Q-tips: For cleaning the muck of your chicks

Pipe cleaners: These are used if a chick has ‘curled toes’*

Small pair of scissors: For snipping badly matted fluff (use extremely carefully)

Electrolyte solution: For poorly birds that need an extra boost

Bandaids: Use to treat ‘spraddle’ leg

Dropper: For chicks that can’t/won’t drink or eat. A small dropper can be used to give fluid slowly to a challenged chick.

*Spraddle or splayed leg is caused by the chick trying to walk on smooth surfaces such as plastic or cardboard. Easily prevented by using paper towels, burlap or similar under the shavings for the first week or so. Once the leg muscles are strong enough, the burlap can be removed. 

There are many other things that will eventually go into your kit, but this will do for starters.

 

Summary

You are now officially ready for your chicks! Enjoy the little creatures and take lots of pictures because they grow very quickly.

I can promise you with a few weeks they will be outside with the big girls and look nothing like chicks!

If you give them a great start in life, they will reward you with lots of nutritious eggs, laughter as you watch their antics and free psychotherapy! Who could want for more?

Make sure you have all of the items on the list so you’re ready for anything when your chicks arrive.

Is there anything else you think we’ve missed off the list? Let us know what you need for your chicks in the comments below!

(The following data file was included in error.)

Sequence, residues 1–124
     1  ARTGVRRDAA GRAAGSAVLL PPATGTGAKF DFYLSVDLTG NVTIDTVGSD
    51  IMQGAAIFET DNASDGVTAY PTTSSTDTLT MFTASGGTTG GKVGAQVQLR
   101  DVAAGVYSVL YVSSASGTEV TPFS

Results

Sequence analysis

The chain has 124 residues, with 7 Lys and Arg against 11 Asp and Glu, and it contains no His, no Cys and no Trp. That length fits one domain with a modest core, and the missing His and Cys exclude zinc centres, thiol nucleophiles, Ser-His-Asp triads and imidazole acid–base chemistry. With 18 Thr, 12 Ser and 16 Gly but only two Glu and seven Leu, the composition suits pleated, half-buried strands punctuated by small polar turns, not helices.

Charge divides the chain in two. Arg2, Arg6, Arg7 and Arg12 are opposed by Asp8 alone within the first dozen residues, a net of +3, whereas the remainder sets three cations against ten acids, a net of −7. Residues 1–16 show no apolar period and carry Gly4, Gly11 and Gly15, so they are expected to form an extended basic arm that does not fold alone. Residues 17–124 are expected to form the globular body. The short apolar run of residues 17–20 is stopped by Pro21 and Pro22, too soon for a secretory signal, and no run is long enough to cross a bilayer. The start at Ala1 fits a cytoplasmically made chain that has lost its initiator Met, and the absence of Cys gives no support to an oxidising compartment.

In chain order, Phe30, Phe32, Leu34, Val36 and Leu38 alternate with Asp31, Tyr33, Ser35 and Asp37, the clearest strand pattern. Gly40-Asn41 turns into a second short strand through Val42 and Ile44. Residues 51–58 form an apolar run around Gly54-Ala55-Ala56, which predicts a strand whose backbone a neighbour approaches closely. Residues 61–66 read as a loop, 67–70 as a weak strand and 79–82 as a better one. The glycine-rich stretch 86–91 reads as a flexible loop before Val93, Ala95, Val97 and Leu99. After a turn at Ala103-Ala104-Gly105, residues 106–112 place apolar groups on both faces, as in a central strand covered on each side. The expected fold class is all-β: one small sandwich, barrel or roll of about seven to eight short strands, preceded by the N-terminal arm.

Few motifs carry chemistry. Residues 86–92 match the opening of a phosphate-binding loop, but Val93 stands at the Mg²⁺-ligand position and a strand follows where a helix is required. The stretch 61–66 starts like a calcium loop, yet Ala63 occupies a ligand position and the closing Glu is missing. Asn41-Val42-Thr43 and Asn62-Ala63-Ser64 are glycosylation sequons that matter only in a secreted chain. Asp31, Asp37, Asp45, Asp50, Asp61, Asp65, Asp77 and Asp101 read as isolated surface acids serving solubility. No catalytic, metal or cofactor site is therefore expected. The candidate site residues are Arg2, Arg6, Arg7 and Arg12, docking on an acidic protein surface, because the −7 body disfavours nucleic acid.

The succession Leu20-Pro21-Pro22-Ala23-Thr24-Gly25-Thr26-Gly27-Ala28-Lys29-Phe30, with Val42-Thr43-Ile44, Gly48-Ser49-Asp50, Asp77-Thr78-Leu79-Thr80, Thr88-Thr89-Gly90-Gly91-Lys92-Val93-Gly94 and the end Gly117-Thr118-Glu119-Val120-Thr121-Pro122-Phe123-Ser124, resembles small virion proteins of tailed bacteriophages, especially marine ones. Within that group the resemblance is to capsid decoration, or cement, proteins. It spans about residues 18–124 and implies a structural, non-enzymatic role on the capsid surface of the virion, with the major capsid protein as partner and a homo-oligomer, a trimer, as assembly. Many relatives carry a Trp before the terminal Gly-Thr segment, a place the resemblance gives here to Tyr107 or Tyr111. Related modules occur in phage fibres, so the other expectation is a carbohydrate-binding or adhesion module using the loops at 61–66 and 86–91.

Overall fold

type of chicken feed by age

Posted by ipadlast9 on March 3, 2019 at 4:25 PM Comments comments (0)

How To Feed Chickens

Starter Feeds

Newly hatched chicks ages 0-10 weeks should be fed a chick starter diet with a protein level between 10%-20%. These rations are formulated to provide proper nutrition for growing baby chickens. Higher protein starter rations (22%-24%) are reserved for meat birds such as turkey, quail and pheasant. This higher protein level maximizes growth for broilers and roasters, but is not necessary or desirable for egg laying chickens.

Grower Feeds

At 10 weeks of age, a grower feed should replace the starter feed. Grower feeds are typically 15%-16% protein, and are designed to sustain growth to maturity. The higher protein content (20%), in starter/grower feeds is recommended for growing game birds.

Layer Feeds

Layer feeds are designed to provide optimum nutrition for birds laying eggs for consumption. Layer feeds contain 16% protein and have increased levels of Calcium, for proper shell development. Layer feeds should be fed starting around 18 weeks of age, or when the first egg is laid, whichever comes first.

Water